Question about accessing class-attributes.

Michele Simionato mis6 at pitt.edu
Wed Apr 30 15:28:28 CEST 2003


Michael Hudson <mwh at python.net> wrote in message news:<7h3y91tiszi.fsf at pc150.maths.bris.ac.uk>...
> Then you get this kind of weirdness:
> 
> />> class C(type):
> |..     def __eq__(self, other):
> |..         return 1
> \__ 
> />> class A:
> |..     __metaclass__ = C
> \__ 
> />> class B:
> |..     __metaclass__ = C
> \__ 
> ->> d = {}
> ->> d[A] = 1
> ->> d[B] 
> Traceback (most recent call last):
>   File "<input>", line 1, in ?
> KeyError: <class '__main__.B'>
> ->> A == B
> 1
> 
> Then I suspect whether a instance of C gets A out of the dictionary
> depends on accidents of memory allocation and hash table
> implementation.  That's not a good thing.
> 
> CHeers,
> M.


Really, I don't see where is the problem. As far as I understand (correct me
if I am wrong) dictionaries are indexed trough the identifier of their keys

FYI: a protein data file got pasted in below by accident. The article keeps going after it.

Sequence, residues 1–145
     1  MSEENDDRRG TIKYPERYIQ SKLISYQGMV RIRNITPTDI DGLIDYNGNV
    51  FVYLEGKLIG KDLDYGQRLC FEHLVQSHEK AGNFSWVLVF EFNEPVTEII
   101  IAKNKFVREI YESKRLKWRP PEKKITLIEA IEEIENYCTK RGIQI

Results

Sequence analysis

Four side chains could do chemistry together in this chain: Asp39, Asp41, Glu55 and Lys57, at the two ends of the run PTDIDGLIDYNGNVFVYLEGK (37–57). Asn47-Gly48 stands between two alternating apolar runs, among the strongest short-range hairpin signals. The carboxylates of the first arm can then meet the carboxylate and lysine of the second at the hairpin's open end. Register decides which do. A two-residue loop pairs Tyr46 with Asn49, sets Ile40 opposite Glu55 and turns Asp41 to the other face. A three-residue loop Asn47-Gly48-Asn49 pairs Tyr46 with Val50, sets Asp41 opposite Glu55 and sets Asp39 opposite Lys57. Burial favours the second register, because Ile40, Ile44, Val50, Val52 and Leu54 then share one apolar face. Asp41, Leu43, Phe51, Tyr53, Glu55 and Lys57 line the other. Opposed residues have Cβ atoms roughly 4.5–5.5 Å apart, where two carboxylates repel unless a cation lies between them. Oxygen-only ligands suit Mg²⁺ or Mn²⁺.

i.e. hash(A) == id(A). In this example, since A is not B, it is clear to me 
that d[B] is not defined and cannot work.

This issue has nothing to do with metaclasses:

class O(object): 
    def __eq__(self, other):
        return 1
 
a=O(); b=O()

assert id(a)==hash(a)
assert id(b)==hash(b)

assert a==b
assert a is not b

d={a:1}
d[a] #=>1
d[b] # error since d[b] is not defined, b is not a

It seems that everybody (including myself) sees more problems in 
metaclasses than really are.


                                                 Michele




More information about the Python-list mailing list